I have seen the following Anthony Tudor ballets and have been an admirer of the best of his creations over the last forty years and have particularly been moved by performances of the following works:-
Echoing of Trumpets
Pillar of Fire
The Leaves are Falling
Tudor's dance works, seem to undoubtedly find more more appeal with the introspective members of an audience especially when it is a dance audience brought up on academic classical ballet.
Anthony Tudor (born William Cook)in his ballets often reflects the emptiness that the “Economic Depression” following World War One which had left upon many of his generation, which he in turn, employed in his psychological ballets that pre-empted his social detachment from a number of areas of life.
Born 1909 into a fairly humble working class background, his father was a butcher and he found himself in 1924 working in Smithfield meat market as clerk amongst the daily sight of bloody carcasses of thousands of dead animals. He would in later life became a Buddhist as Ms Judith Mackrell recalls(see below).
There were dark phases of his childhood in London which were coloured by the economic depression that immediately followed the end of the 1914-18 war. Seeing men who had returned from the “War” who were depressed by unemployment and humiliated by the Poor Law which Tudor in the East End of London would certainly have witnessed.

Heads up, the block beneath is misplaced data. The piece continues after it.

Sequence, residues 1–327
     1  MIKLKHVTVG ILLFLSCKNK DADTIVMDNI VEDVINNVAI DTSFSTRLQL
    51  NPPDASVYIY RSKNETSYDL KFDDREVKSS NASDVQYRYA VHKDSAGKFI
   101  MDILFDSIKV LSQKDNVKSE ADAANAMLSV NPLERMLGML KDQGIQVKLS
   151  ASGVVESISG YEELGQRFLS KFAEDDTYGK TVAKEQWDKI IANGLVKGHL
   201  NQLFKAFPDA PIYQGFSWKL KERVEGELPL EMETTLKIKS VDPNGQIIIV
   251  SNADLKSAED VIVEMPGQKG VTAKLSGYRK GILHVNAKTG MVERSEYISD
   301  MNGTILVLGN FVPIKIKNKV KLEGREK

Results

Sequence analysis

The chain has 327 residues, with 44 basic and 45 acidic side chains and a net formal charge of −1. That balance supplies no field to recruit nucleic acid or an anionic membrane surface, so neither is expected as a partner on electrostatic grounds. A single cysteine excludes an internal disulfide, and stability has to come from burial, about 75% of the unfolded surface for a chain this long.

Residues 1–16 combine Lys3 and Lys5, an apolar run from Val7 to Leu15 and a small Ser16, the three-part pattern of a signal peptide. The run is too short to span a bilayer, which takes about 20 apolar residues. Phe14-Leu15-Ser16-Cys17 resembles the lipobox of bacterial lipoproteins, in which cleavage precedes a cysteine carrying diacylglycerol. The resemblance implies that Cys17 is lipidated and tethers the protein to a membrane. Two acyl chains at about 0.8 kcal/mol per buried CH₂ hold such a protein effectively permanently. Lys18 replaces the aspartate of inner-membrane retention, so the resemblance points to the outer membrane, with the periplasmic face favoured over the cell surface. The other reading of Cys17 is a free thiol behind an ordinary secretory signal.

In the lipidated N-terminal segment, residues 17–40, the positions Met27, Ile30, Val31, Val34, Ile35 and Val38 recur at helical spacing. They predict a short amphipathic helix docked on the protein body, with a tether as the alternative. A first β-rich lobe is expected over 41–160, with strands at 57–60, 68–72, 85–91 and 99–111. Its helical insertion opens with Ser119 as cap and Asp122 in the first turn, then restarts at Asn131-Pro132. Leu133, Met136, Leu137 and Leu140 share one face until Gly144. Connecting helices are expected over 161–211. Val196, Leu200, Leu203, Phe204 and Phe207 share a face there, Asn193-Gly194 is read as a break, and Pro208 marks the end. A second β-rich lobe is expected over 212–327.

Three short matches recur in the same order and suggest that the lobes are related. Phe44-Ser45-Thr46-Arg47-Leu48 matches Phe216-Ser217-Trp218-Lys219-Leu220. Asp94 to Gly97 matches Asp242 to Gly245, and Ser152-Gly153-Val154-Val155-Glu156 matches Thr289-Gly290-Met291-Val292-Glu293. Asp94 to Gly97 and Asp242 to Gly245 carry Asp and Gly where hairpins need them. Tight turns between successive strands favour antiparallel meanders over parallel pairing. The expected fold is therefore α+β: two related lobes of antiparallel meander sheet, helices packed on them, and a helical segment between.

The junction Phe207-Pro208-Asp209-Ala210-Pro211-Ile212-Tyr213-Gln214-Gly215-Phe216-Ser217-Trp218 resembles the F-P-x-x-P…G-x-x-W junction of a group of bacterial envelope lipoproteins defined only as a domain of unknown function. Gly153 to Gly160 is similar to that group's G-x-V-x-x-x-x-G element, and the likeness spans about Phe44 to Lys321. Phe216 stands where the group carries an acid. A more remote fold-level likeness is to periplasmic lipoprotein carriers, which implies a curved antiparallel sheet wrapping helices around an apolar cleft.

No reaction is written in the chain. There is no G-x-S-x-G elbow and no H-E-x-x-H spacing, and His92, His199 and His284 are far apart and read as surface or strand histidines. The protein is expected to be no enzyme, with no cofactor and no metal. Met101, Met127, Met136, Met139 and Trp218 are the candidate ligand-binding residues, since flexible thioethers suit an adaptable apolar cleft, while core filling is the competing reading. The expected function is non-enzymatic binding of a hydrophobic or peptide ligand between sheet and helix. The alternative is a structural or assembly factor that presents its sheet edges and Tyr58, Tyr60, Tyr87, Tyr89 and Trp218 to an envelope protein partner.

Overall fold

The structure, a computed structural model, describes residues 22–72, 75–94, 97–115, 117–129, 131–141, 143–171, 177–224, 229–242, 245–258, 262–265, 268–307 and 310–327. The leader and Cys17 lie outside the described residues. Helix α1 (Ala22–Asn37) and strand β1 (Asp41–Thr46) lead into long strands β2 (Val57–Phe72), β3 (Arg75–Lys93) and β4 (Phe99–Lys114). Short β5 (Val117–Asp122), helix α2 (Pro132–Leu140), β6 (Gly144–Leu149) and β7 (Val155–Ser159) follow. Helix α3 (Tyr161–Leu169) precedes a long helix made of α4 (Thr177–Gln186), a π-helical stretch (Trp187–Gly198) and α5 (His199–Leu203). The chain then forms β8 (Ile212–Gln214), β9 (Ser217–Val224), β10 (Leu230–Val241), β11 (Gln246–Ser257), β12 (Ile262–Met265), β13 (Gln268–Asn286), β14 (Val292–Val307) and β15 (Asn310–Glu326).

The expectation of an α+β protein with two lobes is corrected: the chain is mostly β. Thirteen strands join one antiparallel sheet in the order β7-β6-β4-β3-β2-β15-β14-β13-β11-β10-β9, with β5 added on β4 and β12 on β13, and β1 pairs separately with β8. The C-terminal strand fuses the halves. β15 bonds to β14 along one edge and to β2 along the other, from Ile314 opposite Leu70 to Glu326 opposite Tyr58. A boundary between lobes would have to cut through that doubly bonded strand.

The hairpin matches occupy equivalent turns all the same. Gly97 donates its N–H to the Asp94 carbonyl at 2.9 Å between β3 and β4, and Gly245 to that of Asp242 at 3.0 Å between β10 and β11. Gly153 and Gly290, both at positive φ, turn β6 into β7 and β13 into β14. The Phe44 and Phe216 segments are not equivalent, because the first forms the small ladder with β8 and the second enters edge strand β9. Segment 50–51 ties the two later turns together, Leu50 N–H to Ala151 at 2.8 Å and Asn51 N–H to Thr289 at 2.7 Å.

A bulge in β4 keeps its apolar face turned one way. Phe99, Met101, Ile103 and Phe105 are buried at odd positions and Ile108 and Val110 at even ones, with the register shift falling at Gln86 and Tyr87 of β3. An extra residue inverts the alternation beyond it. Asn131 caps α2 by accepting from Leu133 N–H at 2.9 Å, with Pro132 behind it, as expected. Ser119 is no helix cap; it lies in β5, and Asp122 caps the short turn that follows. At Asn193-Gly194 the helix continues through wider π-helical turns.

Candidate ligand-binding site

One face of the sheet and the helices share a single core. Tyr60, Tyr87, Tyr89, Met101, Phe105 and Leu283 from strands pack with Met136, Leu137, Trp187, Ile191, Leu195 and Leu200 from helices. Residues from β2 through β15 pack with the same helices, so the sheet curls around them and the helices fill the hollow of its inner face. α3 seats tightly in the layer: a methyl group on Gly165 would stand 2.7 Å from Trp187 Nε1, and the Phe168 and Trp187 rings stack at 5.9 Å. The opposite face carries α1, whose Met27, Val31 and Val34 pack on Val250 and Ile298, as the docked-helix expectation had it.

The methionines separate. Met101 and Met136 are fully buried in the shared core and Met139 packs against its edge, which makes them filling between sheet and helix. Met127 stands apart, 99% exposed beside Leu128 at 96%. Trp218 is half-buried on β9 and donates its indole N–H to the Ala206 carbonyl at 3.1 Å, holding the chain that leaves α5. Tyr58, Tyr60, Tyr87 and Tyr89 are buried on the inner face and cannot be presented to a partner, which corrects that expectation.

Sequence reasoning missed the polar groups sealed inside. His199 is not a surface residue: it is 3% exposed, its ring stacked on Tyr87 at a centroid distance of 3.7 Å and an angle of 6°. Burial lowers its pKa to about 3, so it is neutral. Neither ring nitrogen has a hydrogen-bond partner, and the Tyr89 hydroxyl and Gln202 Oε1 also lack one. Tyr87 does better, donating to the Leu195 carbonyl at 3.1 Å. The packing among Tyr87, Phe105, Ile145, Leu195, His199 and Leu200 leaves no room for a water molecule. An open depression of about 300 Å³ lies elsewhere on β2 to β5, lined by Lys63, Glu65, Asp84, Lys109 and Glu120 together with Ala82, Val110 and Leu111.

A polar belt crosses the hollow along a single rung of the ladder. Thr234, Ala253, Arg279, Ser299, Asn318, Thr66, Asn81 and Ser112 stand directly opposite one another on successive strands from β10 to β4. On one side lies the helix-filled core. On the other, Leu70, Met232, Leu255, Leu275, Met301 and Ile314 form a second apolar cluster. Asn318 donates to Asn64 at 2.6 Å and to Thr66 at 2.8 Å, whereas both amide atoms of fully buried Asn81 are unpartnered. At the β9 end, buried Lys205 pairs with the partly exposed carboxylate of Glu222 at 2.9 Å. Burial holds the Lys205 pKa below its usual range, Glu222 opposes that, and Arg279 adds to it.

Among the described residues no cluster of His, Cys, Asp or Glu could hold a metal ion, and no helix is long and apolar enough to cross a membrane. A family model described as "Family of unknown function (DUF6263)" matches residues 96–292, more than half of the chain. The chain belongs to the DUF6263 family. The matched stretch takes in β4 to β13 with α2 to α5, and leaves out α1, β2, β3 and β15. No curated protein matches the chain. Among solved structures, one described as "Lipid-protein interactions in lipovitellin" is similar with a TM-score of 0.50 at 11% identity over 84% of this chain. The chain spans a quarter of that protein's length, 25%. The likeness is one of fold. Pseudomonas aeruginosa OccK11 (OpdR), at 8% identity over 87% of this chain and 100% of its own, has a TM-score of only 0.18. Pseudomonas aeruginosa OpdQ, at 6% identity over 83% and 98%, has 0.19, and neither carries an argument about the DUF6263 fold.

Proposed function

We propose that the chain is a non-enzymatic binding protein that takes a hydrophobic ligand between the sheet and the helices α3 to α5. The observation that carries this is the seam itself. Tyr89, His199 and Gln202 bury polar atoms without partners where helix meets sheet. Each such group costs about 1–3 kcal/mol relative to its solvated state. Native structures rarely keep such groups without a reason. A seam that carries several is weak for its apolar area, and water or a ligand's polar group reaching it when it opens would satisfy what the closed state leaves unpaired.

He would have also known of or witnessed the hunger marches from Scotland and the North in the early 1920's as the global economy began to decline and inflation was rampant and the economy was depressed by 25% between 1918 and 1921 and did not recover until the end of the Great Depression in 1930.
It appears that Tudor grew up as a rather isolated person perhaps due perhaps to his latent (or otherwise) homosexuality in that rough, tough, milieu that he inhabited.
Having tyically left school aged 15 he must have found interests beyond his home background as at 19, he saw Anna Pavlova(or was it Lifar in “Apollon Musagete) dance and decided that this was the career he really wanted.
He maintained his employment from early morning to early afternoon in the raucus and noisy atmosphere of Smithfield Market and went to study with Marie Rambert in her evening classes following an interview with Cyril Beaumont who had recommended her.
He found himself with two lives as far apart as one could imagine. Tudor's keen observation of human nature and his somewhat isolated approach to life, made him an observer of types which he would later integrate into his choreography.
I saw him in London and Edinburgh Theatres on a number of ocassions and both he and Hugh Laing seemed to glide in another worldly atmosphere detached from those around them.
I noticed that often when Tudor was acosted, there was rarely a glimmer of a smile as he spoke.
On reflection it seems to me that it was in his detachment that his keen observation had been developed.
His ongoing interest and then devotion to Buddhism seemed to perfectly suit the somewhat distant disciplined aesthetic person he appeared to have become.
This distancing could become intimidating as a number of dancers have recorded.
I am sure that a number of his ballets will continue to be performed and admired for a long time yet.
Judith Mackrell, wrote the following about Anthony Tudor in 2004.